The turnout was visual proof that people from many stakeholder sectors are interested in this type of technology that can process large amounts of biomass in a much cleaner way than typical open burn piles and that conserves carbon as biochar at the same time.
This machine is available to rent, either as a stand alone machine or with all of the balance of system infrastructure that is required and experienced operators from Falk Forestry.  Contact Dan Falk if interested.


Dan Falk of Falk Forestry (far left, in silver hardhat) talks to the attendees at the Carbonator 500 demo event.



Carbonator 500 at work during the demonstration (notice the lack of smoke pollution!).


Biochar produced with the Carbonator 500


We are looking to showcase biochar-related projects or opportunities in California. If you have a project that is either in the works, now operational, or recently completed, please let us know by sending us a description up to 1500 words, along with your contact information. There are some amazing field trials, creative uses of biochar in filtration or pollution applications, innovative technologies, emerging informational sources such as books, articles and blogs, and grant RFP’s that we would like to spread the word about.  Please let us know what you or others are up to and we will publicize it.  Send queries to
Biochar Tree Seedling Pot Trials (Guess which one had biochar?)
Photo courtesy Grant Scheve, AgraMarketing
The Sonoma Biochar Initiative would like to thank the amazing cross section of people  who attended and contributed to our Biochar Forum at Shone Farm in Sonoma County. Representatives from local RCD’s, NRCS, UC Cooperative Extension, a variety of farms, SCWA, Fire Safe Councils, the Sonoma County Forest Working Group, the County of Sonoma,  two of the largest biochar producers on the West Coast, and many others just interested in how biochar fits into a low-carbon economy, shared ideas and ways to use biochar to solve common problems. Special thanks to Michael Maguire from the Governor’s Office of Planning and Research for his update on the exciting grant projects and efforts to quantify biochar’s benefits that are supported through state funding, to Susan Haydon of Sonoma Water for her logistical help, and to Shone Farm for the use of their beautiful space.
Charlie McIntosh of Pacific Biochar presents recent results from SBI’s
DWR grant project at a vineyard near King City, Ca.
We are in the process of building a new coalition of stakeholders to scale biochar education and use both locally and throughout the state, so stay tuned. We will be holding a number of additional meetings in 2019 so if you missed this one you will have other chances to join this growing group of problem solvers seeking a better way to convert our bounty of surplus biomass resources and put them to better use as biochar in agriculture and elsewhere.


The California Strategic Growth Council has awarded two significant grants for biochar-related research. Ken Alex, Ex-Director of the Governor’s Office of Planning and Research and SGC Chair said, “The SGC research grants are designed to fill gaps in our knowledge about some of the most promising climate change solutions, and move them more quickly to fruition.” Biochar production and use was highlighted in the most recent IPCC climate change report as one of the least expensive and easily scaled methods of drawing down carbon from the atmosphere, and this recognition has helped bring the biochar story to the forefront of many climate change mitigation discussions and actions. There is, however, much research that still needs to be done to better characterize which types of biochar will persist the longest in varying agricultural soils, under what type of farming protocols, as well as creation of a standardized system for rating biochars based on a set of common criteria and characteristics. Gaining acceptance from the farming community for biochar production and use using surplus biomass will also be critical for scaling its use, and this will also be studied.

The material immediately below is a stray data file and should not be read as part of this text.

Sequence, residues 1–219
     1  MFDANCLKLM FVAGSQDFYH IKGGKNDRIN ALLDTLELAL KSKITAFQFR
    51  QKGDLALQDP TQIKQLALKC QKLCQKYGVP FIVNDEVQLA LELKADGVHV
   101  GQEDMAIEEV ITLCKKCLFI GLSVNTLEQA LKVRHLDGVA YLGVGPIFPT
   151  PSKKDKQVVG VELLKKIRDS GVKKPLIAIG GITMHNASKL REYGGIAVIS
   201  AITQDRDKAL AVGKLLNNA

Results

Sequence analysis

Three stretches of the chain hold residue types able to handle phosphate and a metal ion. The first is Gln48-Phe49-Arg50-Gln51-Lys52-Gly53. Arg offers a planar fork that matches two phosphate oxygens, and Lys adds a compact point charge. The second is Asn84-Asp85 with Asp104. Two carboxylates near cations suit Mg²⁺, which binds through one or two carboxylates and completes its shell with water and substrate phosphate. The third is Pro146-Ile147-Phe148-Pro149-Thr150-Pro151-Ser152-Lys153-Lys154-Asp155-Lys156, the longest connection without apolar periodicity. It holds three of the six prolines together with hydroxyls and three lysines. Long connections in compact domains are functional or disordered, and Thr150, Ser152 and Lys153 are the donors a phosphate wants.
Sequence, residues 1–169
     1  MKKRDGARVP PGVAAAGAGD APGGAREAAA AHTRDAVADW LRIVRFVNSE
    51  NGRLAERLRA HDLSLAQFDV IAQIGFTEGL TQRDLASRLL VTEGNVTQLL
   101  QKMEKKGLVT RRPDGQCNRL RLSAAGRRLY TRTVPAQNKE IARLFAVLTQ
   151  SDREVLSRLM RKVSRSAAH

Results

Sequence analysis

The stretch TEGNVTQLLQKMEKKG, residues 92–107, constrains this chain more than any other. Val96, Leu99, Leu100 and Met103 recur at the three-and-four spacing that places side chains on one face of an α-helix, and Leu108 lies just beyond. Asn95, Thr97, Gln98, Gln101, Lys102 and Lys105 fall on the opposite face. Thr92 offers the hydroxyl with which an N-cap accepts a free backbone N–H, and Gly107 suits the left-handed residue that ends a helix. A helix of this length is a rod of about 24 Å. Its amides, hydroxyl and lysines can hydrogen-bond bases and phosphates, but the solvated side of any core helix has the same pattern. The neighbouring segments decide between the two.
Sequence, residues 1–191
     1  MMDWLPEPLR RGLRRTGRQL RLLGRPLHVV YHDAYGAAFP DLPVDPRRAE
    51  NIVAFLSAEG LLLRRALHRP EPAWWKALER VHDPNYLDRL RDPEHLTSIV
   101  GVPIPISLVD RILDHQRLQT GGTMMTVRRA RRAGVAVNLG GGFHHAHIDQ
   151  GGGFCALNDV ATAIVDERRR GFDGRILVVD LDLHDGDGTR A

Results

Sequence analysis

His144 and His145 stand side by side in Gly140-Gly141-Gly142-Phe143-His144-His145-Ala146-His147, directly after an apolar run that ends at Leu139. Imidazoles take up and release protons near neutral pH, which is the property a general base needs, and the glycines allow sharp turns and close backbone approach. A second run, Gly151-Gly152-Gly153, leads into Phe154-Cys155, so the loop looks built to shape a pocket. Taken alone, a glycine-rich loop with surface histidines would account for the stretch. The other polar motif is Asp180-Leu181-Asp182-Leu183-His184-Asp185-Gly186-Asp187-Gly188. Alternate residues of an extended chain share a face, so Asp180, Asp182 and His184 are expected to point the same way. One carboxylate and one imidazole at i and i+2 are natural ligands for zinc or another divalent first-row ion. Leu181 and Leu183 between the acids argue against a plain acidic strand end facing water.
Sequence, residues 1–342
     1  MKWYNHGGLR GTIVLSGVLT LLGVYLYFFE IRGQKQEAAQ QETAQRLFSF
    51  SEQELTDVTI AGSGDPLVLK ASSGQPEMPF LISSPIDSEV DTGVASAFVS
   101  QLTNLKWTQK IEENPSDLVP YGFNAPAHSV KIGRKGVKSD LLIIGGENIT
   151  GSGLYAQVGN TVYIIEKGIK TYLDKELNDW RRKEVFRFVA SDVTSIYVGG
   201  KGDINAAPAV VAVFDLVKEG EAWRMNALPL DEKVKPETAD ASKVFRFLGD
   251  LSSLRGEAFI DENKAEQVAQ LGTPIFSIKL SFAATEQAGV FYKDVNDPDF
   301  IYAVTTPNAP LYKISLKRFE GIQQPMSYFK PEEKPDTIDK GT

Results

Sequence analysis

These are some of the gaps in our knowledge about biochars that should be better understood and hopefully answered once this climate-change focused research and field trials are completed. Congratulations to Benjamin Z. Houlton of the UC Davis Muir Institute and collaborators who will be working on a $4.7 million grant project entitled “CALIFORNIA COLLABORATIVE ON CLIMATE CHANGE SOLUTIONS: WORKING LANDS INNOVATION CENTER—CATALYZING NEGATIVE CARBON EMISSIONS.” “The Working Lands Innovation Center’s objective is to scale and sustain CO2 capture and GHG emissions reductions by deploying a suite of cutting-edge soil amendment technologies, driving substantial co-benefits for California growers, ranchers, Tribes, communities, the economy, and environment.
This project will increase understanding of the mechanisms and potential for carbon sequestration in soil.” More information on this grant can be found here: And congratulations to Gerardo Diaz of UC Merced and collaborators who will be working on the $3 million grant project entitled “MOBILE BIOCHAR PRODUCTION FOR METHANE EMISSION REDUCTION AND SOIL AMENDMENT.” “The overall goal of this proposal is to determine how biochar can be produced and used in a closed cycle agricultural application to reduce GHG emissions, ameliorate agricultural waste disposal problems, improve the quality of life in low-income and disadvantaged farming and adjacent communities, and identify means to gain acceptance among farmers of small-scale biochar production and use as a sustainable best practice for California agriculture.” More information on this grant can be found here:
If you haven’t yet seen the great film Dirt Rich which profiles some of our good friends (Josiah Hunt, David Morell, Bob Wells) you can stream it for a small fee here: